Why a Fish Tank Data Center?

Data Centers can be a bewildering world of tech concepts that are so completely abstracted from reality that they’re almost invisible. We literally call them a cloud even though they’re complex behemoths of electrical, mechanical, plumbing systems. FT data center is here to make that entire world simple and digestible in short, informative videos for the general public.

Welcome to FT Data Center. Drew here. So, you might have been wondering why we call the show FT data center. Well, some of you might have guessed that our signature prop is indeed a fish tank and that fish tank has the initials FT and then correctly surmised that FT stands for fish tank. To the rest of you, don’t feel bad, we called the show FT because wanted to make sure that nobody thought this show would only be about a fish tank. We’re here to talk about any and every possible aspect of data center design and operation. But the dumb, reaching goal of this series is to literally make our fish tank into a world class ultra high efficiency tier IV data center filled with sixteen (or more) actual servers capable of supporting the full open stack framework. Granted, these servers will be Raspberry Pi2 nodes, each of which is only 900mhz, but the whole point is to walk you through all of the options available to real world data centers using this fish tank. And we’re serious here. This is going to be a tier IV data center with dual UPS, redundant cooling, fire rated walls, independent electrical rooms, 24/7 monitoring of all systems and high efficiency backup generators. We’re determined to show people how to meet all Uptime Institute requirements and ISO standards, albeit in a fish tank. We’re going to be using our pi’s for both our compute nodes and also to control our HVAC and switching equipment. It may take us a very long time, but by the end we will compare our design to the Uptime Institute criteria and see how close we can possibly get.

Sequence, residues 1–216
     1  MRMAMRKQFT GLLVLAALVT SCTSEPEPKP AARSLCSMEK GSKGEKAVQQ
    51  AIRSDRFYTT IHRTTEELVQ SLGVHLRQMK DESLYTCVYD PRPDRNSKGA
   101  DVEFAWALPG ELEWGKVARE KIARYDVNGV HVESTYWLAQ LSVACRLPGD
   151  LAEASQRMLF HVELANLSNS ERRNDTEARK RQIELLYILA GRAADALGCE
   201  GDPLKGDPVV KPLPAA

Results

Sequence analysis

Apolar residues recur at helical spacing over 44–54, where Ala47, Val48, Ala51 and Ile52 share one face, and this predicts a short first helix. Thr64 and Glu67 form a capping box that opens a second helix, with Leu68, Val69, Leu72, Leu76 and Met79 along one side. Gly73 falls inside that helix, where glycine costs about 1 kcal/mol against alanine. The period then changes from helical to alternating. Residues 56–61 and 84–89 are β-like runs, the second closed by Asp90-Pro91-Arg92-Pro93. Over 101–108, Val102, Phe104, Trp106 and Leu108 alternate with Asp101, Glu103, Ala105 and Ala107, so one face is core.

We’re also going to use this as a test bed for different air conditioning and power technologies to showcase concepts using household items in a way that’s accessible for everybody, not just data center experts. Once our data center is done we’re going to open it up as a public openstack cluster capable of somewhere around 10 gigaflops, or roughly the capacity of the ETA-10 supercomputer, the fastest in the world… In 1987. We may choose to install a GPU array or other high performance computing systems but… I mean… It’s a fish tank. Come on guys. The point here is to use this as an example of real world infrastructure like power, cooling, networking and monitoring systems. Here’s a quick overview of the proposed components of our system.

Two 20 amp extension cords. Two arduino controlled automatic transfer switches. Two generators, one of which will have an automatic starter, the other human powered. One photovoltaic array with optional inverter. One wind turbine with optional inverter. Four surge protector plug strips. Two 350 watt UPS units. Two manual UPS bypass switches. Two custom built HVAC systems capable of adiabatic direct and indirect economization as well as DX backup. Two dual corded Power supplies. Two 8 port network switches. And finally, sixteen Raspberry Pi 2 computers.

Keep checking back in with us for more tutorials and as you do, you’ll see more and more progress in our fish tank data center until, just maybe, it’s as good as Amazon’s or Google’s best… It almost definitely won’t be, but that’s ok. We have a lot of fun stuff planned between now and then. As always, thanks for watching and until next time, stay centered.

ACArduino switchbike-diagram-470blow dryergeneratorextension cord

Data Center Heat Exchanger

Data Center Heat Exchanger

network switchplug stripSolar_cellUPSwind turbine data center













For more info:

Uptime Institute